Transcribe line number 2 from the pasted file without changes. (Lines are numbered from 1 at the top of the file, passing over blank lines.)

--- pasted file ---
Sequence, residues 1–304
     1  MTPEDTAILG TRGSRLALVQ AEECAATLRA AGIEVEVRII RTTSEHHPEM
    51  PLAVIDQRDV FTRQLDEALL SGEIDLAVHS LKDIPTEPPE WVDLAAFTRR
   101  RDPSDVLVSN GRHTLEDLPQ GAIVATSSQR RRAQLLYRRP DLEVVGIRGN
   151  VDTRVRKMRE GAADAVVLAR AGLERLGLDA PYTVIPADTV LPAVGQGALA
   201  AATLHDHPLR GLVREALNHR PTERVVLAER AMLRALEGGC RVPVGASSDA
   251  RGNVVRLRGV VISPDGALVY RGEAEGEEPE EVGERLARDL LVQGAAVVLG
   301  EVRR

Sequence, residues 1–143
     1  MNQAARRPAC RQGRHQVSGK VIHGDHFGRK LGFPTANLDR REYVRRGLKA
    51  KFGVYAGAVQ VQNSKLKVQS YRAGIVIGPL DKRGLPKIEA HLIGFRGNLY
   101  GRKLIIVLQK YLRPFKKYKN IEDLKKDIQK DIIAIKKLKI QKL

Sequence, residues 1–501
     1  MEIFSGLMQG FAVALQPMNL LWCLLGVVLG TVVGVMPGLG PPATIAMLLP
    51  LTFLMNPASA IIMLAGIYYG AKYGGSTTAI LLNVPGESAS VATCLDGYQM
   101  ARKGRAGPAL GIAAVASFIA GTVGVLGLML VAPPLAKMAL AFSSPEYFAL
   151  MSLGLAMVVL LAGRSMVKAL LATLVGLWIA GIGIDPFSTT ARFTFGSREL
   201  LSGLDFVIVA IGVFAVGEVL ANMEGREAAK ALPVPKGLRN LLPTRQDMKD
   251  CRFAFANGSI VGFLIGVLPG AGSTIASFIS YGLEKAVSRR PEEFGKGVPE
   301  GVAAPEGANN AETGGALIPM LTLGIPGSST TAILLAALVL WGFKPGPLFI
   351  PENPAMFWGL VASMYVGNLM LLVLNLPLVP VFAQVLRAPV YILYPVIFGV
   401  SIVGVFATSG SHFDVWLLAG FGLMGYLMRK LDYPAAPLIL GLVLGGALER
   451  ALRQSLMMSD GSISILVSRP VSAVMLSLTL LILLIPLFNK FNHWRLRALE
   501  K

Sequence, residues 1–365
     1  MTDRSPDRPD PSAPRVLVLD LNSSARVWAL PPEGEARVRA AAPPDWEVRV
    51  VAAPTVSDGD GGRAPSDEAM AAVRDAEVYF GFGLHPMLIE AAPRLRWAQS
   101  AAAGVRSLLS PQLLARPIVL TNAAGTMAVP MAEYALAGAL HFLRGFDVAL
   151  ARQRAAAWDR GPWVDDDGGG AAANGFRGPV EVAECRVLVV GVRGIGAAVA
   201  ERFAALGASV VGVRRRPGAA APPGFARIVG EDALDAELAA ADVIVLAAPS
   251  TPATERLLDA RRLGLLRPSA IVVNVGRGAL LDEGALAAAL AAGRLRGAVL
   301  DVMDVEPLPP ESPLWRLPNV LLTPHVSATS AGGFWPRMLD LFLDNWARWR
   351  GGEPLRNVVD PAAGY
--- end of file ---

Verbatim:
     1  MTPEDTAILG TRGSRLALVQ AEECAATLRA AGIEVEVRII RTTSEHHPEM